Adolescent stealing : a study of the causal factors for and prevalence of stealing in New Zealand intermediate school students : a thesis presented in partial fulfilment of the requirements for the degree of Master of Education at Massey University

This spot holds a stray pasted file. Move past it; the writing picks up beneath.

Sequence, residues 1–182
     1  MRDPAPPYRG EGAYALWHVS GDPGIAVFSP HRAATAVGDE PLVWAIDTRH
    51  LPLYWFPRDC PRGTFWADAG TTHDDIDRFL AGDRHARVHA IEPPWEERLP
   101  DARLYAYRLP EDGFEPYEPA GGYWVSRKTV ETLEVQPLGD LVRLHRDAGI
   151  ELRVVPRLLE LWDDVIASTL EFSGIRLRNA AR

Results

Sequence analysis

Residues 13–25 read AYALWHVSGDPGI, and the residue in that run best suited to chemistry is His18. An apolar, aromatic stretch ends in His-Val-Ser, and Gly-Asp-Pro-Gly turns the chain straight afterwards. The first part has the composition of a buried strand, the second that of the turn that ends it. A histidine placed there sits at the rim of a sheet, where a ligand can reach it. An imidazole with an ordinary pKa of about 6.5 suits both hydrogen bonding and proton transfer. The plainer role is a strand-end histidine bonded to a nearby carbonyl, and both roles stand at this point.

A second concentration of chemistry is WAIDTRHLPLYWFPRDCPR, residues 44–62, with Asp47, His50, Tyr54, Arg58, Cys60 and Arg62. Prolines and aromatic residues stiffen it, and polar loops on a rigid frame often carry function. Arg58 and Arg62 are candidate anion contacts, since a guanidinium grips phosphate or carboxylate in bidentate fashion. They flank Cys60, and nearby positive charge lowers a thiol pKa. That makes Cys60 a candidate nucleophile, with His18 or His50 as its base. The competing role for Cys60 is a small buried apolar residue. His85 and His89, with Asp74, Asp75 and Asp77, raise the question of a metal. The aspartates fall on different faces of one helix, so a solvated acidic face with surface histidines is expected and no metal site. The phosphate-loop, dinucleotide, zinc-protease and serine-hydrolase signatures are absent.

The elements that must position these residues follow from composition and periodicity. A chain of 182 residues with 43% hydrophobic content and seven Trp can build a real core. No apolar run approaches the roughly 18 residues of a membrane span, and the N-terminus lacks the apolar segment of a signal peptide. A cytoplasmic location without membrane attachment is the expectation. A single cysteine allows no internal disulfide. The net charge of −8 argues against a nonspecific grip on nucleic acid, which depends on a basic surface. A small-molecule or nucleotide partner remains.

A self-report questionnaire was used to measure stealing behaviour, attitudes and values, family variables, attachment to school and past-times of peers of students at a New Zealand intermediate school. Incidence rates of stealing, gender differences and school class level differences in stealing behaviour were identified from the data and compared with those found by other researchers of general delinquent behaviour and more specific stealing behaviour. Causal factors believed to be related to delinquent behaviour were measured to determine whether they were also related to stealing behaviour and to each other, as proposed in a model of delinquent behaviour. A very high proportion of participants reported having engaged in some form of stealing, reflecting the findings of other researchers. Marked gender differences in rates of stealing were found, with boys reporting significantly higher levels of theft than girls. Year 8 students reported significantly more stealing than Year 7 students. Being male, in Year 8 at school, associating with delinquent peers, holding delinquent values and having a low level of attachment to parents were factors found to be related to higher levels of stealing behaviour. These findings are discussed in relation to various theories of delinquent behaviour.